What is reasonably foreseeable in this context of respondeat superior is quite a different thing from the foreseeably unreasonable risk of harm that spells negligence. The foresight that should impel the prudent man to take precautions is not the same measure as that by which he should perceive the harm likely to flow from his long-run activity in spite of all reasonable precautions on his own part. An employer should be held to expect risks, to the public also, which arise out of and in the course of' his employment of labor.
The plaintiff was an owner of a drydock which harbored the defendant federal government’s ship. Defendant's employee, a ship crewmember, returned to the drydock after a night of drinking. For some reason, he opened three water intake valves, which flooded the area and caused the ship to fall and destroy parts of the drydock. The trial court granted judgment in plaintiff's favor without determining damages. Defendant appealed claiming defendant was not liable where the crewmember's acts were not within the scope of his employment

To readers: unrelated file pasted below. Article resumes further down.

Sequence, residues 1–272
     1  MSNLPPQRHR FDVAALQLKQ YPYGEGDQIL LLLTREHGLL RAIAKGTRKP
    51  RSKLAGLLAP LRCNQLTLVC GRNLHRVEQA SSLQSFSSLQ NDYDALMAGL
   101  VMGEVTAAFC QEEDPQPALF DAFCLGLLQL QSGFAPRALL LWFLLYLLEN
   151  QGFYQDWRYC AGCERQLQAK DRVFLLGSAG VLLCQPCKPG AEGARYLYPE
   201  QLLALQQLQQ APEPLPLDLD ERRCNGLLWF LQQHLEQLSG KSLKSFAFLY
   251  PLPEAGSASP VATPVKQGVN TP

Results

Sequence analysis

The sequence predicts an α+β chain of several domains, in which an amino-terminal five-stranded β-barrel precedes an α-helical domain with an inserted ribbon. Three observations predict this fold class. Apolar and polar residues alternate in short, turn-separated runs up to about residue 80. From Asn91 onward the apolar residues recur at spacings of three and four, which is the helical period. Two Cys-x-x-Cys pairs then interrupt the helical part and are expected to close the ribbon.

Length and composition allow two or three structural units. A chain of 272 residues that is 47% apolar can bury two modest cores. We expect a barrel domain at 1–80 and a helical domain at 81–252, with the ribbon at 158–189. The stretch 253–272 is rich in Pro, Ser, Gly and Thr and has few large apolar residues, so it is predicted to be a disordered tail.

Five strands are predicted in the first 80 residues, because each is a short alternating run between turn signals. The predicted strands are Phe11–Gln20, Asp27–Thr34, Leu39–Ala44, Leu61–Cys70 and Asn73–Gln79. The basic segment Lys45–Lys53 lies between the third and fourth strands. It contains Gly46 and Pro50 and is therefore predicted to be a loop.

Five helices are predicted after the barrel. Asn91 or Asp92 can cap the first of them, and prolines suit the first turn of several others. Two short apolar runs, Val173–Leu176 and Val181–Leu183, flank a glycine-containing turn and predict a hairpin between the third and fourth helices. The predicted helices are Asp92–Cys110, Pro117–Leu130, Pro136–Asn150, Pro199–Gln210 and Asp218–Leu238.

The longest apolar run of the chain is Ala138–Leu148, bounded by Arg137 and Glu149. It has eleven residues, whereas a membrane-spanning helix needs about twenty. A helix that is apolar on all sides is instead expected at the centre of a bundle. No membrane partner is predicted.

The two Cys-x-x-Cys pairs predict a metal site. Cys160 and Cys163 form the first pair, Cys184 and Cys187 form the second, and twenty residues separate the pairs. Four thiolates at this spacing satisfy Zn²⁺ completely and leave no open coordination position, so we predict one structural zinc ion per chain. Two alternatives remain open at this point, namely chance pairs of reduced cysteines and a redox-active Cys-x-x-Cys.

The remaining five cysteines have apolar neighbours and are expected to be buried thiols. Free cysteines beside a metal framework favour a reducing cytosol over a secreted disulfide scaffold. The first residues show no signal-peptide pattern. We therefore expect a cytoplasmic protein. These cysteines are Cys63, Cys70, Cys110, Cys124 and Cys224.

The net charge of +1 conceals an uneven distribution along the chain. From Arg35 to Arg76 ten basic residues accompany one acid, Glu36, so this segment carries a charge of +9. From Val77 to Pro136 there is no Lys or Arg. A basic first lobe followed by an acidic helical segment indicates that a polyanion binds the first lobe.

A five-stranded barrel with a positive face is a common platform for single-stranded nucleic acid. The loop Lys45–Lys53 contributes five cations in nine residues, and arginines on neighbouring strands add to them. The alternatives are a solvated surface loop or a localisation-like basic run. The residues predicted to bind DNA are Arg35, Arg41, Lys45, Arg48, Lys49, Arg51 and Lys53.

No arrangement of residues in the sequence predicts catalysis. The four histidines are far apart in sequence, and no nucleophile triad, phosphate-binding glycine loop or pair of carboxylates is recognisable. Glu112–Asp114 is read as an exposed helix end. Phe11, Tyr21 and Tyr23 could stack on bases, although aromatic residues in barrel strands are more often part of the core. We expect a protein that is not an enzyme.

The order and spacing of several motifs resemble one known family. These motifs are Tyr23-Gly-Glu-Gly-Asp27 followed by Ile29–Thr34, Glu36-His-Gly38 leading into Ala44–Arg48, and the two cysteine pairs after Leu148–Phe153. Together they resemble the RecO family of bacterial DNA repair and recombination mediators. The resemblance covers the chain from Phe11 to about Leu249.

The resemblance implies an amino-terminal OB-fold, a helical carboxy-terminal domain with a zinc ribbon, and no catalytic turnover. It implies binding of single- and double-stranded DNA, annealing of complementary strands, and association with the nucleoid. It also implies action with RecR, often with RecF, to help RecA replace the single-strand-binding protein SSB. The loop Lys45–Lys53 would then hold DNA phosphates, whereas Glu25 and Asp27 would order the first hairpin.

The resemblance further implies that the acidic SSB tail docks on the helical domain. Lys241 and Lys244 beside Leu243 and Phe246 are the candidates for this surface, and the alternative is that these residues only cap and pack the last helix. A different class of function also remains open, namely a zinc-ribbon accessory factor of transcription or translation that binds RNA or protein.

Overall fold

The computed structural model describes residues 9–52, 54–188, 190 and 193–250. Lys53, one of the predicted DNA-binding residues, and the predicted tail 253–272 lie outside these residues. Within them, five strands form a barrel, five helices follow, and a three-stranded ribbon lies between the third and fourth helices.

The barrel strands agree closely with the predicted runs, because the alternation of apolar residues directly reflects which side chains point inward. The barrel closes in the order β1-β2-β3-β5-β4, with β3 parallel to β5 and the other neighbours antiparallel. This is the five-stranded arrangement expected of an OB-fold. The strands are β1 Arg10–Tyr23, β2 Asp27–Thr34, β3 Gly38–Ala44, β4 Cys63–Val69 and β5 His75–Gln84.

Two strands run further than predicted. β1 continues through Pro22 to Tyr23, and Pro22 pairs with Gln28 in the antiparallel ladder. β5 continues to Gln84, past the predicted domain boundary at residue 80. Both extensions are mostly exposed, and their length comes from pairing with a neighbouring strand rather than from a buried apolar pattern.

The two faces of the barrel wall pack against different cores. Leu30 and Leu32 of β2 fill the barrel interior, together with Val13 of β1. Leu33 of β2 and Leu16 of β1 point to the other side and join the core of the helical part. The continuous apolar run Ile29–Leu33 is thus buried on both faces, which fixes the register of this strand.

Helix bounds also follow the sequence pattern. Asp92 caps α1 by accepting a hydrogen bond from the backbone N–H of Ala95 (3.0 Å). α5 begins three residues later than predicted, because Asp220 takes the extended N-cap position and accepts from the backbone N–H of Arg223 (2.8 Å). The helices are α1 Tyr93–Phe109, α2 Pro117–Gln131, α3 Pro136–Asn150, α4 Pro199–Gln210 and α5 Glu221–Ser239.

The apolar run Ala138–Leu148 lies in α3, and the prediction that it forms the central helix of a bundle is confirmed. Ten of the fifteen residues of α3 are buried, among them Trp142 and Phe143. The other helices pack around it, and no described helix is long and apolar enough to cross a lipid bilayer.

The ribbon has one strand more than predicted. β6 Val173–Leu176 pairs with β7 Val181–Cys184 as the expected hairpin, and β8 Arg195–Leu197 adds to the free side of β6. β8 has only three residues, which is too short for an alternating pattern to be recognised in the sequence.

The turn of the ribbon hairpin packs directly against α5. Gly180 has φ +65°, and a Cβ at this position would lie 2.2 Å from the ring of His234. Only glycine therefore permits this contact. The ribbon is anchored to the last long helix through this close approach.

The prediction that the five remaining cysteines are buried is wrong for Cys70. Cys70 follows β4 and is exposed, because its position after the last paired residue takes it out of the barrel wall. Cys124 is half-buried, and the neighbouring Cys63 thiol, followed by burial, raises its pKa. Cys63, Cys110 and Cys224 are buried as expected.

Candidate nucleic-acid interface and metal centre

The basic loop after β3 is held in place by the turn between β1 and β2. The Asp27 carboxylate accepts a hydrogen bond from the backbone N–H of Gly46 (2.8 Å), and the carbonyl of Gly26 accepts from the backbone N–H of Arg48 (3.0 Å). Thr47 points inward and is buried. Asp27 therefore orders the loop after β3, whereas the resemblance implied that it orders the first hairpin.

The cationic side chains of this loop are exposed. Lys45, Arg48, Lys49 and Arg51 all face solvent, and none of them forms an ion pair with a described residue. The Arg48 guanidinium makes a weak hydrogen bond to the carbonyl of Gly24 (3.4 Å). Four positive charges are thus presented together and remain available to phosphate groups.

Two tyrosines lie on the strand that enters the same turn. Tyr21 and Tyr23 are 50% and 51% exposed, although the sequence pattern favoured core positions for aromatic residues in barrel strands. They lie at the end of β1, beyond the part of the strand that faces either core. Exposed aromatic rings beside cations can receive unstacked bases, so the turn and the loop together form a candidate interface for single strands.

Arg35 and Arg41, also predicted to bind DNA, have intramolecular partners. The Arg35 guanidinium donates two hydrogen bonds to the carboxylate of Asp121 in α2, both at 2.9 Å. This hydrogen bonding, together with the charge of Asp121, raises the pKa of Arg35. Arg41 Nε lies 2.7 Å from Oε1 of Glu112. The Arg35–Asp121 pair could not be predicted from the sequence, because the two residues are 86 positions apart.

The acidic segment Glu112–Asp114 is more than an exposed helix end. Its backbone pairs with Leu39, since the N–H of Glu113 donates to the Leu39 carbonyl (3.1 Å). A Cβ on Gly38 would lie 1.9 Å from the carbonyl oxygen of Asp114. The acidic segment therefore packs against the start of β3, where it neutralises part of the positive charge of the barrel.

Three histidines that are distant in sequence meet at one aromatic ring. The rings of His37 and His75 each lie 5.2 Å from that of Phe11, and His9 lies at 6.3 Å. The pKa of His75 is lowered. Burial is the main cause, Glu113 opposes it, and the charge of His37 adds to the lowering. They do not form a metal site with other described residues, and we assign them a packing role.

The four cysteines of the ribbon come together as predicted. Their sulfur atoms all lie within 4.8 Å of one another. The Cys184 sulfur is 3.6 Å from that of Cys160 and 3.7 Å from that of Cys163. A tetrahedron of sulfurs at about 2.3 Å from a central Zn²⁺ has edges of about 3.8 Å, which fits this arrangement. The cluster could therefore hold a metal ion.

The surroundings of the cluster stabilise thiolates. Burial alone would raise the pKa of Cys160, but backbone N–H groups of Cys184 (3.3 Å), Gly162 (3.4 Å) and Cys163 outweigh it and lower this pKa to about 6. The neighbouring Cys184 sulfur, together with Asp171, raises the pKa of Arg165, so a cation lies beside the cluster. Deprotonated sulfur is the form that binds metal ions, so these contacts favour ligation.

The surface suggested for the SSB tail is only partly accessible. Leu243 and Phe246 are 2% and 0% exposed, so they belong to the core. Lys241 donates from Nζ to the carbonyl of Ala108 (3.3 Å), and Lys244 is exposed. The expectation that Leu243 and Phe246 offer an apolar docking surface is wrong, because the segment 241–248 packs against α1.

Can the federal government be held responsible for the actions of its employees that were done outside the scope of their duties?
The court held that although the actions of defendant’s employee were not within the scope of his employment, the defendant should still be liable for damages under respondeat superior if the said actions were done during the course of the employment. Liability can be properly imposed where it is reasonably foreseeable that an employee may cause some damage, whether intentional or not.